Nespresso – An Unsustainable Business Model?

 Single-serving coffee made at home.  That’s the category Nespresso operates in – a segment estimated to be 8 billion USD in 2012 (source).

Nespresso

Some laudable facts regarding Nespresso to start with:

  •  It took 30 years for Nespresso to get to where it is now.
  • Their first patent was registered in 1976 and it was launched internationally in 1991.
  • As of 2012,  their concept (machine, capsule, service) is subject to 1,700 patents.
  • Features celebrities, such as George Clooney and John Malkovich, as brand ambassadors.
  • At 55 cents for a 4-g capsule, Nespresso coffee works out to a nerve-jangling $62 per lb. ($137 per kg). And the hefty markup doesn’t seem to bother its fans.
  • Is rumored to command gross margins at about 85%, compared with 40% to 50% for regular drip-coffee brands.
  • The company confirmed that  Nespresso is targeting to grow sales by around half a billion francs in 2013.

(sources for the above information: 1, 2, 3, 4)

As a brand, Nespresso has been vaunted as the “Apple of coffee pods” riding high on the classic razor/razor-blade business model – otherwise called as the Vendor Lock In business model.  See an informative video here on the specifics of the Nespresso business model using the framework of Business Model Canvas.

Nespresso Business Model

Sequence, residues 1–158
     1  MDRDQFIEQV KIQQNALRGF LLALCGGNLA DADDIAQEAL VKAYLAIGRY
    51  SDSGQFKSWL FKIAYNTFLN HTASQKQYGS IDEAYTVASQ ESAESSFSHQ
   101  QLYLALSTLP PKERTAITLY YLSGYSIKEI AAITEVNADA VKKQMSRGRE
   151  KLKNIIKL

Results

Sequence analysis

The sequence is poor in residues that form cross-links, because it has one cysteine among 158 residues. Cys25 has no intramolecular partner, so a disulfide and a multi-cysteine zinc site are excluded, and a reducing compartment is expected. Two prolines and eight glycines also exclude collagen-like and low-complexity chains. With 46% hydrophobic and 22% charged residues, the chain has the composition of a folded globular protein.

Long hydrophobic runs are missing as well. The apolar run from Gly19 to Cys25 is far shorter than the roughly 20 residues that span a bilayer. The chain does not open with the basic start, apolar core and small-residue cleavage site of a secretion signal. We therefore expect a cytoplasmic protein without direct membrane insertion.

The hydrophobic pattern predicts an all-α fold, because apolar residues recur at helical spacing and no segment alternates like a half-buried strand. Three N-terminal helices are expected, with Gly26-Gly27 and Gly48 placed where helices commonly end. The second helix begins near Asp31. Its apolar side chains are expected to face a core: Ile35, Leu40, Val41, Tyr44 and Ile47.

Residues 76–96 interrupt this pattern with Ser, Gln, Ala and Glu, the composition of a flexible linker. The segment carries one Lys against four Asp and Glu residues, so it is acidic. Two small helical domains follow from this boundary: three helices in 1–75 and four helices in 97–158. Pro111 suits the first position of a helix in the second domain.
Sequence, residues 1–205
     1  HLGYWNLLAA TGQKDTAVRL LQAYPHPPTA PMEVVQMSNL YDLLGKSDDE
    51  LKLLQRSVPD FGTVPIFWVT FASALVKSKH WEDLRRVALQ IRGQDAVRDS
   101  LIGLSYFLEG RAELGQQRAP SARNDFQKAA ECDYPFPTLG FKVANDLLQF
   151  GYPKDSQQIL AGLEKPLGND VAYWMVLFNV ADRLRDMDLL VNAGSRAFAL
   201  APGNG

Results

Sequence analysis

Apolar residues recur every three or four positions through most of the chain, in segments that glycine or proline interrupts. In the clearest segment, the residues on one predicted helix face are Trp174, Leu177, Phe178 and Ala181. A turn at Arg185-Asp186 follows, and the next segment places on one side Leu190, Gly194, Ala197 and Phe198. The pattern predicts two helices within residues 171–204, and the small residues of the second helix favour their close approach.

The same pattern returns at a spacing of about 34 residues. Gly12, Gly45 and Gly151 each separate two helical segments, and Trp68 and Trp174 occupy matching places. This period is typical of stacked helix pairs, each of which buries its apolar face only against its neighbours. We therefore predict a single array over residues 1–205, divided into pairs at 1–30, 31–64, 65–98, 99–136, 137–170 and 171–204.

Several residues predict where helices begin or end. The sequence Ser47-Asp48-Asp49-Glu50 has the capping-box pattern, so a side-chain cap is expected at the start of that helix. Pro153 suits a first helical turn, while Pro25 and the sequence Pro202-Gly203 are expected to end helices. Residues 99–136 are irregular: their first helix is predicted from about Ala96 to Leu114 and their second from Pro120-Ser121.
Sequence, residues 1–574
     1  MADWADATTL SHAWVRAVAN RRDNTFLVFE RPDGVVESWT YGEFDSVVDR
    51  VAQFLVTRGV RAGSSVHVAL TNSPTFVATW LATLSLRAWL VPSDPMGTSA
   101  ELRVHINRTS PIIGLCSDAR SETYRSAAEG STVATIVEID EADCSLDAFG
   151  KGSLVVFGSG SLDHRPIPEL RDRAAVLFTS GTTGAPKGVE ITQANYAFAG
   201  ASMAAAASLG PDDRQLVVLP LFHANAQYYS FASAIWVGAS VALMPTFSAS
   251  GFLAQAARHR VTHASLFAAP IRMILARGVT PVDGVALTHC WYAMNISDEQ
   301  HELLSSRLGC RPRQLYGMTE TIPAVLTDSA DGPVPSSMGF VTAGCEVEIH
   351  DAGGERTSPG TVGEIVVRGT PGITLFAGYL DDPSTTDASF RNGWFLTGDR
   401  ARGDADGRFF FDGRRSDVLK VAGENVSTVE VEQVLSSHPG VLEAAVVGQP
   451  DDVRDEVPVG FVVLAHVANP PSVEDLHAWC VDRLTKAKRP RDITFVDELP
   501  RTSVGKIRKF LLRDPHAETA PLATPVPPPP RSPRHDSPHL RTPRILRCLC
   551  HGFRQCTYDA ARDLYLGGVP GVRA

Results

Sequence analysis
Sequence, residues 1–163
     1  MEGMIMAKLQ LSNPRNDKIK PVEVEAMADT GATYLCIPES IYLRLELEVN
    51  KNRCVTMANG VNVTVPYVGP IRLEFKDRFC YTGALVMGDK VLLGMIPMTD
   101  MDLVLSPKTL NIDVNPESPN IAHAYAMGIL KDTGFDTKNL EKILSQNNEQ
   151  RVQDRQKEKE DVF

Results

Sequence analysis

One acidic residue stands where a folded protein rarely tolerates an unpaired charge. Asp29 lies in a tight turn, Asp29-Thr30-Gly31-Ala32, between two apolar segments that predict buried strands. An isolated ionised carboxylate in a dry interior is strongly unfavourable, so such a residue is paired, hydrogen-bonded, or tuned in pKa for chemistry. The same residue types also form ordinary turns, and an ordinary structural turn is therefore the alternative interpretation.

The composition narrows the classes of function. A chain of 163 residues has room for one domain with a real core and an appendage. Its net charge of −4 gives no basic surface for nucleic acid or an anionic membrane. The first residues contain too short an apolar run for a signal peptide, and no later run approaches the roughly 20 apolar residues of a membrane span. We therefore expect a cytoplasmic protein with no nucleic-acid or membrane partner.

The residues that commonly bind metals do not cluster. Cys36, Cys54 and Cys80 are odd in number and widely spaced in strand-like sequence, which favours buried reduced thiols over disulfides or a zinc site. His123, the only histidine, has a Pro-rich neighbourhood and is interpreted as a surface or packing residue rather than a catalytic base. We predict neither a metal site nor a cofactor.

Now the not so good news for Nespresso is the emergence of nearly 100 competitors around the world including 50 that claim compatibility with the Nespresso system (many of Nespresso’s patents have expired in 2012).  A more recent Reuters report on the latest threat to Nespresso from Mondelez…

Mondelez International, the world’s second-biggest coffee maker, is going head to head with larger rival Nestle by launching capsules compatible with its Nespresso system to steal a share of the premium coffee market.

The capsules will be sold under the Jacobs and Carte Noire brands in many EU markets in the second half of 2013 – the biggest challenge yet for the $4.4 billion (2.8 billion pounds) Nespresso brand that has sued many copycats.

These are just the warning bells for the company as many more brands jump onto the bandwagon of this fast growing coffee segment.

David Taylor on the brandgym blog posits that these moves can be in the larger interest of Nespresso as long as it ensures the following:

  • Benefit from market growth: Even if Nespresso’s share drops, sales can still increase if the market is growing.
  • Keep product quality up: Continue offering a better coffee experience through its select blend of coffee.
  • “Load” existing customers: Defend against the Mondelez launch by loading its existing customers with product, and so taking them out of the market.
  • Drive distribution: Drive distribution in new channels. e.g., store-within-store formats.
  • Tell a product story:  have a bit more product “sausage” to complement the emotional “sizzle”

I would however beg to disagree here, as I suspect if the current business model can be sustainable in the long term. And my argument is equally applicable to the Tassimo’s, Dolce Gusto’s, Keurig’s and Verismo’s of the world. Why?

Insight #1: Which business are the Nespresso’s of the world actually  into

These brands are not in the business of delivering convenient, barista like coffee at home. Instead they are in the business of making cup after cup of a consistent brew of coffee on demand with consistent being the operative word. Guardian reports